Amnesty International documented how Western European governments, the USA and Russia authorized the supply of munitions, military hardware and police weapons to Bahrain, Egypt, Libya, Syria and Yemen in the years of brutal repression leading up to the popular uprisings. These exports could have been prevented if those supplier states had lived up to their declared policy of avoiding arms exports that could contribute to serious human rights violations.

The question remains, can the very countries that are able to veto any Security Council resolution be trusted to pursue international peace and security when they also are the largest profiteers from the global arms trade? As long as their veto power is absolute and as long as there is no strong Arms Trade Treaty that could prevent them from selling arms to governments that violate human rights, their role as the guardians of peace and security seems doomed to failure.


The failure of leadership that sparked and fuelled the popular protests in the Middle East and North Africa is not restricted to the UN Security Council or one region.  

Anti-government protests filtered down from northern Africa into other parts of the continent. In Uganda, despite a government ban on all public protest in February 2011, people took to the streets in cities around the country to protest against the rising cost  of fuel and other essential commodities. The police responded with force. Similarly, in Zimbabwe and Swaziland authorities attempted to quash protest by using excessive force. Showing the lengths some governments are prepared to go to in order to hold on to power, live ammunition has been used against protesters in countries such as Burkina Faso, Malawi and Senegal.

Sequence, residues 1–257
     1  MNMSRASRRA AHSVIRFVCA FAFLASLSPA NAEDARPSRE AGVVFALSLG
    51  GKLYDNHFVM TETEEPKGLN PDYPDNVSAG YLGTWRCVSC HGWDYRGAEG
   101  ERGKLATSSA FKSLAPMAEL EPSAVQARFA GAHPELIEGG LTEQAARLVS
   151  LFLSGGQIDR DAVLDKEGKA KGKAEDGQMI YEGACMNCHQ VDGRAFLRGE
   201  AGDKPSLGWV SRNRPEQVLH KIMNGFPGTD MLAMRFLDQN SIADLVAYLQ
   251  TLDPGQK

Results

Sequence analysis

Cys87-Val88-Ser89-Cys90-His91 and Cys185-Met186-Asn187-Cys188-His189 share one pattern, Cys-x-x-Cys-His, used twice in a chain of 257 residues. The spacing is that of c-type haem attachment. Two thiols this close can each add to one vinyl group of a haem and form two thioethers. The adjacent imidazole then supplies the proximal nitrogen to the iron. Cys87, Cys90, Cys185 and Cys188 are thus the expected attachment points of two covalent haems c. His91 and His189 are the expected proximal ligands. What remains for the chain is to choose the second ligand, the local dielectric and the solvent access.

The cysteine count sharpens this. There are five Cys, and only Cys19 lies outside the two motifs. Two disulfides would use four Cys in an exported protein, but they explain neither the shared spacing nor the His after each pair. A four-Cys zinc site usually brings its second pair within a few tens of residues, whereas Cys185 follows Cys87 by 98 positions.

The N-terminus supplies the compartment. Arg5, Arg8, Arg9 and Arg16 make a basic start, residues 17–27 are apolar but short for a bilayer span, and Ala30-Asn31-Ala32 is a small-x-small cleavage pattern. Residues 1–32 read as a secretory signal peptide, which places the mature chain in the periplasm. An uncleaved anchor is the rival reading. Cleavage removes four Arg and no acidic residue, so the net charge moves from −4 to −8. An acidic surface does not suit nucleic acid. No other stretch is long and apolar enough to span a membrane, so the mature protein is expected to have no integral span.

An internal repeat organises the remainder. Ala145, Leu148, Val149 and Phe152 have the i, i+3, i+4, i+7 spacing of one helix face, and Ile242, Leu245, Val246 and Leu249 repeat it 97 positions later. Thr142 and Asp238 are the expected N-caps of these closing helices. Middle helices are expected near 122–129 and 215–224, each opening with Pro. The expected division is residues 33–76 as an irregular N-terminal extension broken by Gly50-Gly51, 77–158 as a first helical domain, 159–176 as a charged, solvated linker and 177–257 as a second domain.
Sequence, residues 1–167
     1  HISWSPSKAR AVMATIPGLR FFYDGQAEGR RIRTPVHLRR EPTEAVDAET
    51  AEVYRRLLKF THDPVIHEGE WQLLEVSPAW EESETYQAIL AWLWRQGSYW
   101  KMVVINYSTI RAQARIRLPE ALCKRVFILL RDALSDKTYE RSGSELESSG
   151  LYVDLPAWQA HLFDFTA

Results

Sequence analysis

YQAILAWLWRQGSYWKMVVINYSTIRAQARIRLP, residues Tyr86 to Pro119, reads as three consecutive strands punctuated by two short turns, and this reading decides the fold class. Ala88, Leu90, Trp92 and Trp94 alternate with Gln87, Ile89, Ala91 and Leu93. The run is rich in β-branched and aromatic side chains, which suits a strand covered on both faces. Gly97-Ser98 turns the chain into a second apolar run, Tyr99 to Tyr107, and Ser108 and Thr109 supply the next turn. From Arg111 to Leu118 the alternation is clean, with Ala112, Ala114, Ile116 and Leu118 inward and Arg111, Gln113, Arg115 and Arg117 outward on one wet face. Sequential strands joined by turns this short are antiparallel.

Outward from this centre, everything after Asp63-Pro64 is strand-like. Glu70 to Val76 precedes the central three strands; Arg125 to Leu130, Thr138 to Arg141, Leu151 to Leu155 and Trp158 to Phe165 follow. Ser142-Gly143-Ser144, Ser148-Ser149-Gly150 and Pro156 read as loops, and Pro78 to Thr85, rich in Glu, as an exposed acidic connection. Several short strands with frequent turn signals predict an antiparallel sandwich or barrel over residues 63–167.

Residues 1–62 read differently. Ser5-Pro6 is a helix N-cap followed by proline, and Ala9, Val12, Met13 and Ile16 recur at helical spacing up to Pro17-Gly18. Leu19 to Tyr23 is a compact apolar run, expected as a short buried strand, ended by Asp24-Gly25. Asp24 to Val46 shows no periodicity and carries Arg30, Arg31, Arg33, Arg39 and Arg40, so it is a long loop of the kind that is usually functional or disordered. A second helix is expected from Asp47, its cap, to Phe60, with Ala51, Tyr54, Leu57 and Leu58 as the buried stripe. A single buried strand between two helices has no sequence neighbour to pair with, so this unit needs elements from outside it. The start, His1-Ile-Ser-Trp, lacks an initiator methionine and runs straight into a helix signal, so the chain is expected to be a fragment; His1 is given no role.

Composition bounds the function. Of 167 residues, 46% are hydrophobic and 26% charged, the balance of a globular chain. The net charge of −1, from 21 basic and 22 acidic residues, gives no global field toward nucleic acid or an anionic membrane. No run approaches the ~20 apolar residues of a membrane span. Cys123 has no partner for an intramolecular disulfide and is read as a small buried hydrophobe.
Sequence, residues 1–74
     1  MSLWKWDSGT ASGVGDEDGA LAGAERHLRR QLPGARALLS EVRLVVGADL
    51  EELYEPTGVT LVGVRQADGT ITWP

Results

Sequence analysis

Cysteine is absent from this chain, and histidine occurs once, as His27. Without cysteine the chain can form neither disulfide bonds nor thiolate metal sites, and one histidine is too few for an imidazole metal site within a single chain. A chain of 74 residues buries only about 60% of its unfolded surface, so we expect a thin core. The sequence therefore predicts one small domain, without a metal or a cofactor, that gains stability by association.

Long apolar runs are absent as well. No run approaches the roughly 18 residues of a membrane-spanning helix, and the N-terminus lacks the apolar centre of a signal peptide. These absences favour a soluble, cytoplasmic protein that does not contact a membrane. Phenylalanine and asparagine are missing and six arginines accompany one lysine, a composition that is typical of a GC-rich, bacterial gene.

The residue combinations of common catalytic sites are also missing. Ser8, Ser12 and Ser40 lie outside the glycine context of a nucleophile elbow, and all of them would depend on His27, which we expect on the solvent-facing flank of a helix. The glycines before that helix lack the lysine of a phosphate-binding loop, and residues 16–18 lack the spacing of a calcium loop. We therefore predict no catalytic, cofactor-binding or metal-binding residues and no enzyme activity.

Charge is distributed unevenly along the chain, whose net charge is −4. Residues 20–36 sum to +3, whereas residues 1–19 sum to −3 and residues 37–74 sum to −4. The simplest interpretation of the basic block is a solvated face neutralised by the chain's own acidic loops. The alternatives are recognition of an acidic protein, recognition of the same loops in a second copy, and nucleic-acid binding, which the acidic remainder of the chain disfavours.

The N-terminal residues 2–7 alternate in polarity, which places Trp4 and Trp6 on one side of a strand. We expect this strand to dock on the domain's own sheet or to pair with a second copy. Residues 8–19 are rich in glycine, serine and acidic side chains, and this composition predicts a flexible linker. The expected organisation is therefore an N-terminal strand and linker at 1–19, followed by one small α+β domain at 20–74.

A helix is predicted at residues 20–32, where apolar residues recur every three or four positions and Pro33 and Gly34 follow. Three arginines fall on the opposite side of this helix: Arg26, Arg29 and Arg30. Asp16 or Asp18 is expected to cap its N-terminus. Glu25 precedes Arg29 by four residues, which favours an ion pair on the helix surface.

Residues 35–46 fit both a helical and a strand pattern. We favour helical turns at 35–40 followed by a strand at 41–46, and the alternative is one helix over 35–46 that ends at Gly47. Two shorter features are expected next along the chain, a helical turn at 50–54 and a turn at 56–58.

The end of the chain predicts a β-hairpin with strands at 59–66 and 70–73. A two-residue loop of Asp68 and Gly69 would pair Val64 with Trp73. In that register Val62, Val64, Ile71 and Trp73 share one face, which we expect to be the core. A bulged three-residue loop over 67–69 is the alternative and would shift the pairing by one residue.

In Latin America too, people raised their voices. In Bolivia, social tensions are on  the increase amid recurring protests over economic issues and Indigenous rights.  When hundreds of people took part in a 360-mile protest march from Trinidad, Beni Department, to La Paz in mid-2011, President Evo Morales was forced to cancel plans  to build a road through the Isiboro-Sécure Indigenous Territory and National Park.  The plans were in breach of constitutional guarantees on prior consultation and environmental preservation laws. Scores of people were injured during the protests when security forces used tear gas and truncheons to break up a makeshift camp en route. In Mexico, protesters repeatedly took to the streets to demand an end to violence, impunity and the militarization of the war on drugs, amid mounting civilian casualties.